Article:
Sunday, 28 September 2014

Corsica - Cap Corse, Calvi

Moving along the coastline of northern Corsica we discovered Calvi (Always Faithful). This name referred, at the beginning, to its loyalty to the republic of Genoa which originally 'owned' Corsica. During the war with Revolutionary France, British forces under Admiral Nelson and captured the city in the Siege of Calvi. It was during the bombardment of Calvi that Nelson sustained the injury that cost him his eye.

There are also references here to Napoleon 1. In a square stands a stature to him, possibly an example of early PR. The statue of Napoleon clearly isn't fashioned after the Emperors' real body type- more like some sort of Apollo. Our tour group chuckled as we contemplated it.

Calvi's a pleasant place and gains most of its revenue from summer tourism. You can take a boat trip, or a little train trip. Other than that, and walking, there's not much to do other than soak up the laid-back atmosphere and historical points of note.


What really intrigued me were the toilets people had 'in' their apartments. Most of the buildings were built a long time before indoor toilets so what to do when there's no room to create one? Well, you build an out-house on your balcony. This phenomena can be seen in other parts of Corsica too, but the ones I saw in Calvi were rather striking.

This little city is said to be the birthplace of Christopher Columbus. We noted the house reputed to be the one in which he was born, and the monument to his endeavours. Of course nothing was said about the brutality that followed his contact with indigenous people.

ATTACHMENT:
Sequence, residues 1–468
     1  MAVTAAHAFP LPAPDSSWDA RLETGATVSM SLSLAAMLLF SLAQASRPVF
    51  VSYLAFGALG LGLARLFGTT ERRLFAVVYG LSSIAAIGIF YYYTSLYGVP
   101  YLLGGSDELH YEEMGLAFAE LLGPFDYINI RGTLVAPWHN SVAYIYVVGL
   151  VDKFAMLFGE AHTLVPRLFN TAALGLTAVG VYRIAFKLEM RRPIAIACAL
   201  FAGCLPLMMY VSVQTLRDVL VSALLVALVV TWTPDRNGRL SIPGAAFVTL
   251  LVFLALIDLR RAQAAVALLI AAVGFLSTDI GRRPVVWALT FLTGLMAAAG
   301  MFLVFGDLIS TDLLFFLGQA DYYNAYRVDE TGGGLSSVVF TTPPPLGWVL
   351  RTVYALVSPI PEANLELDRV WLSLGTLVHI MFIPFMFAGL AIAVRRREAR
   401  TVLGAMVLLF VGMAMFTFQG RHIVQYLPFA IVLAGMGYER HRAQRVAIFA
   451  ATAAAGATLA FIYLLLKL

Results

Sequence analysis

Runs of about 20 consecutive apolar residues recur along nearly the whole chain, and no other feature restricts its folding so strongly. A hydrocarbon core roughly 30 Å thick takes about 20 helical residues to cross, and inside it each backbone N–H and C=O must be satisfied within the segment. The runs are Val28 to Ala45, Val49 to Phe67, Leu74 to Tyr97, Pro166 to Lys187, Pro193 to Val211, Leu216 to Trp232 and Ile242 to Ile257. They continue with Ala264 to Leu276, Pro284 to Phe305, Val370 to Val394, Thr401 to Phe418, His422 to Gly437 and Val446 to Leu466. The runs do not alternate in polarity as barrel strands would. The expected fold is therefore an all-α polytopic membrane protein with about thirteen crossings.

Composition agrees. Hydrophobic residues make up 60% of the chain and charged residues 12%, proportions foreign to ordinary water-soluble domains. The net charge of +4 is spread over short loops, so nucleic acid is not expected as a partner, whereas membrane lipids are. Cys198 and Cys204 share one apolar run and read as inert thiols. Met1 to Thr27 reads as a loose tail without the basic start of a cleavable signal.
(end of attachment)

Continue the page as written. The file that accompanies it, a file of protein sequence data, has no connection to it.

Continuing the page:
Naturally, there's a citadel on a hill. It can be visited though there's little to see there other than great views. It's a daunting climb up all the steps so we just window shopped in the town and found a waterfront cafe that actually made a decent tea and coffee.

After exploring for a bit we joined the group going on yet another boat trip, so it was time to swallow yet another sea-sickness pill. I have to say, the boat trip was a bit pointless. There's little of interest. Sure there was the odd sea cave but hardly worth 1.5 hours in a boat chugging along the coastline.

We saw a few ruined towers in the water, looking rather picturesque, a few cows mooing nearby, the odd sea bird but really, give it a miss, it's not that interesting.






You can always fall back on visiting a few churches. With Corsica's Italian history you must expect a few of those along the way.


What did interest me, as we drove along the east coast, was the view of the Island of Monte Cristo (yes, the one Alexandre Dumas immortalised) and just along from that the island of Elba (yes, immortalised as Napoleon's first island exile and the one he escaped from before the One Hundred Days). Monte Cristo is not inhabited though pirates and refugees had made attempts over the centuries. It's rather inhospitable and is a nature reserve now. Only 1000 tourists per year are allowed to set foot on it. People do live on Elba and you can take a boat trip to visit it but there's not much to see there. So those two islands lie between Corsica and the Italian mainland.

Here's a map of Corsica I found on the internet. http://www.go-to-corsica.com/tourism_corse-map_of_corsica-102.html 

The next, and last post, on Corsica will feature Saint Florent, Corte and Pigna.

1 comments:

boot naar corsica said...

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